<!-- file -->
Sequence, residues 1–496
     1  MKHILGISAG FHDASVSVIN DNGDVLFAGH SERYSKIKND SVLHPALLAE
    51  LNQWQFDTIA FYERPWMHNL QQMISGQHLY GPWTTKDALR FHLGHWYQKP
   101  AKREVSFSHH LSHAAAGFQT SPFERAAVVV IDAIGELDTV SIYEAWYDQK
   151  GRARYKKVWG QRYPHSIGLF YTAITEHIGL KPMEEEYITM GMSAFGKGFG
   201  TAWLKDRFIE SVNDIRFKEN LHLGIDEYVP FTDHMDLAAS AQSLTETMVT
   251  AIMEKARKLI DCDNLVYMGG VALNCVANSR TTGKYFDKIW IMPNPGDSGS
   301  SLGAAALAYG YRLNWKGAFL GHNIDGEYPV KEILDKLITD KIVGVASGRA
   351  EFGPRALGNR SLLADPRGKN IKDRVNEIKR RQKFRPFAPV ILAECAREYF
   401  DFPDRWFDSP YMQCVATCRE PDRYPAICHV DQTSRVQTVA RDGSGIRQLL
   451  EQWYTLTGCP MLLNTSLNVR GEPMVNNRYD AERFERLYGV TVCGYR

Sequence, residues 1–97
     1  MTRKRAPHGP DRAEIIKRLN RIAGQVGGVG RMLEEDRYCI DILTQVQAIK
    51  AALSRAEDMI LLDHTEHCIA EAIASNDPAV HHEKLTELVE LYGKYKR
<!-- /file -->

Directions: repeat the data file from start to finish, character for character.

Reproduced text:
Sequence, residues 1–496
     1  MKHILGISAG FHDASVSVIN DNGDVLFAGH SERYSKIKND SVLHPALLAE
    51  LNQWQFDTIA FYERPWMHNL QQMISGQHLY GPWTTKDALR FHLGHWYQKP
   101  AKREVSFSHH LSHAAAGFQT SPFERAAVVV IDAIGELDTV SIYEAWYDQK
   151  GRARYKKVWG QRYPHSIGLF YTAITEHIGL KPMEEEYITM GMSAFGKGFG
   201  TAWLKDRFIE SVNDIRFKEN LHLGIDEYVP FTDHMDLAAS AQSLTETMVT
   251  AIMEKARKLI DCDNLVYMGG VALNCVANSR TTGKYFDKIW IMPNPGDSGS
   301  SLGAAALAYG YRLNWKGAFL GHNIDGEYPV KEILDKLITD KIVGVASGRA
   351  EFGPRALGNR SLLADPRGKN IKDRVNEIKR RQKFRPFAPV ILAECAREYF
   401  DFPDRWFDSP YMQCVATCRE PDRYPAICHV DQTSRVQTVA RDGSGIRQLL
   451  EQWYTLTGCP MLLNTSLNVR GEPMVNNRYD AERFERLYGV TVCGYR

Sequence, residues 1–97
     1  MTRKRAPHGP DRAEIIKRLN RIAGQVGGVG RMLEEDRYCI DILTQVQAIK
    51  AALSRAEDMI LLDHTEHCIA EAIASNDPAV HHEKLTELVE LYGKYKR